The top photograph of Shrimp Remoulade was taken at Galatoire’s in New Orleans with Mrs. Yi’s Canon Elph camera. The one below was taken with my Canon EOS 20D in a "Studio in a Box" at our Baltimore home. The latter was prepared according to a recipe, clipped from the October, 1989 Food & Wine. It has practically become a family staple.
When visiting New Orleans a little over a week ago, we dined at Galatoire’s. From the building to the room to the décor, and ambience, Galatoires' was the same as ever. So was the menu, not to mention the preparation and presentation of everything on it that we tried. Such all-around consistency has everything to do with why Galatoire's is one of America's greatest restaurants.
Quite deliberately, I ordered Shrimp Remoulade. As far as Mrs. Yi and I were concerned, it was just like what we'd been enjoying at home for so long. To further evaluate, I prepared our 1989 Food & Wine Galatoire's Shrimp Remoulade recipe shortly upon returning to Baltimore. As best we could ascertain, it was indeed the same.
The intention was to end discussion here to share our long out of circulation recipe from Food and Wine along with the above photographs. But not before going on-line to assess the possibility of duplication. Interestingly, recipes for Galatoire’s Shrimp Remoulade showed up in three places. They were all pretty much identical to one another, though different from the recipe we'd been using. To check them out, go here:
For one thing, the recipe we worked with eschewed tomato ketchup and tomato puree. The recipes on the web used quite a bit of both. Our recipe called for white vinegar; those on the internet stipulated red wine vinegar. All three recipes from the web had a lot more mustard.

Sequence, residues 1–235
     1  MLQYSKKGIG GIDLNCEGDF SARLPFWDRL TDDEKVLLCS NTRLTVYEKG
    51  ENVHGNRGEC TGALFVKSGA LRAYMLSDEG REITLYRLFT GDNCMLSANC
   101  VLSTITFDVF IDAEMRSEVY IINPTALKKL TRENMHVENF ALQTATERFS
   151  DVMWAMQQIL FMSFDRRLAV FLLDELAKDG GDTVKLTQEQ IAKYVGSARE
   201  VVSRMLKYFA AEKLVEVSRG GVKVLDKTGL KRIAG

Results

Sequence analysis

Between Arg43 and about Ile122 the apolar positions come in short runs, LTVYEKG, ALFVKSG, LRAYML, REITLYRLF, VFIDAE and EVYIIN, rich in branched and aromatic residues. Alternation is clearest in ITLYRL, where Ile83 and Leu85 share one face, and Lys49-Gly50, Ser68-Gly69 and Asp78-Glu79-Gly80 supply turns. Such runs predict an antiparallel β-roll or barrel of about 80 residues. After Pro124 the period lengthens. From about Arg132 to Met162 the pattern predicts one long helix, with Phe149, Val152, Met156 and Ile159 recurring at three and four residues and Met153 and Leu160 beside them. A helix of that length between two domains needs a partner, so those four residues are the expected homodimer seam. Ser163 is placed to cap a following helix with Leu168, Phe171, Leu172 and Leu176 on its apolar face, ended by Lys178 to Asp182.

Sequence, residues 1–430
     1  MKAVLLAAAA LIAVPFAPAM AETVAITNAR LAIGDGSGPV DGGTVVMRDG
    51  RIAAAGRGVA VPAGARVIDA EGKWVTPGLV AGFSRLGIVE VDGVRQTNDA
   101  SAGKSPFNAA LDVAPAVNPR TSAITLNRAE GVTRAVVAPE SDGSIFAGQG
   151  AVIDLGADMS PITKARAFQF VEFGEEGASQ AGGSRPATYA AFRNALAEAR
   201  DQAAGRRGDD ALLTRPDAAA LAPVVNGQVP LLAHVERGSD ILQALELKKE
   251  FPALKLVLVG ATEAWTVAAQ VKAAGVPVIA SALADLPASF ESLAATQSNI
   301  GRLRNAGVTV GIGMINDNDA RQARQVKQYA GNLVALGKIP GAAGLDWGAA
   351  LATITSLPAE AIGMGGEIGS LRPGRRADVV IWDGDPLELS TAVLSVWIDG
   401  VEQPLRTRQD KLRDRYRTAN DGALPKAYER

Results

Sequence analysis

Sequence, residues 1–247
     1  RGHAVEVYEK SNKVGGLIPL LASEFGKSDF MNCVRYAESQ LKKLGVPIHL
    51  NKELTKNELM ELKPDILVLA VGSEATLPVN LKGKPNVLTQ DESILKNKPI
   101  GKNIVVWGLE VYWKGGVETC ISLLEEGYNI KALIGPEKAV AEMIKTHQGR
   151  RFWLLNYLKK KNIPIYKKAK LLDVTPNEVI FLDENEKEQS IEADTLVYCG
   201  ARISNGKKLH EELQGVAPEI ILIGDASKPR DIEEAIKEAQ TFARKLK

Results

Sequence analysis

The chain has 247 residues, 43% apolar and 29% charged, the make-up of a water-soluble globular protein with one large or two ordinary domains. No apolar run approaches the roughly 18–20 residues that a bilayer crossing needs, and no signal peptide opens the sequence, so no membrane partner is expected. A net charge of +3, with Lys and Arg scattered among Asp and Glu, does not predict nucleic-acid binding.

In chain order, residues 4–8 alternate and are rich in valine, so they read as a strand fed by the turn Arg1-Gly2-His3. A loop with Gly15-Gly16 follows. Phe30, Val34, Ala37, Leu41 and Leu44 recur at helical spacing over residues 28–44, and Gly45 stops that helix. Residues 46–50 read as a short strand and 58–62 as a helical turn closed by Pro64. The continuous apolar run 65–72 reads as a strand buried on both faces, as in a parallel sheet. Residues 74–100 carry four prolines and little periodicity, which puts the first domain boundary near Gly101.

Did Galatoire's change the way it prepared Shrimp Remoulade sometime over the past 17 years? If so, our tastebuds suggested any changes were subtle. Believing that Galatoire's can do no wrong, we don't care.
Since you wont find it anywhere else unless you're sitting on a 1989 Food and Wine Magazine, here's the recipe we've made for so long, still make, and continue to credit to Galatoire's.
SHRIMP REMOULADE FROM GALATOIRE’S
1 ½ pounds medium shrimp, shelled and deveined
3 tablespoons creole mustard
3 tablespoons distilled white vinegar
½ cup loosely packed parsley leaves, minced
1 tablespoon paprika
1 clove garlic, minced
2 teaspoons prepared horseradish
1/3 cup olive oil
dash hot pepper sauce
1 small celery rib, minced
3 scallions, minced
1 head lettuce, shredded for serving
Place the shrimp in a large pot of boiling salted water. When the water returns to a boil or sooner, drain them thoroughly and set aside. In a medium bowl, whisk together the mustard, vinegar, parsley, paprika, garlic, and horseradish. Gradually whisk in the olive oil in a thin stream until thoroughly incorporated. Add the hot pepper sauce and salt to taste. Fold in the celery, scallions, and reserved shrimp until well coated. Cover and refrigerate for at least 3 hours and up to 24 hours. Arrange the lettuce on 6 salad plates and top with the marinated shrimp. Serve cold or at room temperature.
Copied from Food & Wine Magazine, Oct., 1989, according to our records